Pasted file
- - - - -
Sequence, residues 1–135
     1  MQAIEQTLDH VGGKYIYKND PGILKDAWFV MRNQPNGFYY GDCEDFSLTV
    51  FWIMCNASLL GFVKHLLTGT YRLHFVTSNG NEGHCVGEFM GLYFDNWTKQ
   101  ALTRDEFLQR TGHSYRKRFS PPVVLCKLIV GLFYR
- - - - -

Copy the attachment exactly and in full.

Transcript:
Sequence, residues 1–135
     1  MQAIEQTLDH VGGKYIYKND PGILKDAWFV MRNQPNGFYY GDCEDFSLTV
    51  FWIMCNASLL GFVKHLLTGT YRLHFVTSNG NEGHCVGEFM GLYFDNWTKQ
   101  ALTRDEFLQR TGHSYRKRFS PPVVLCKLIV GLFYR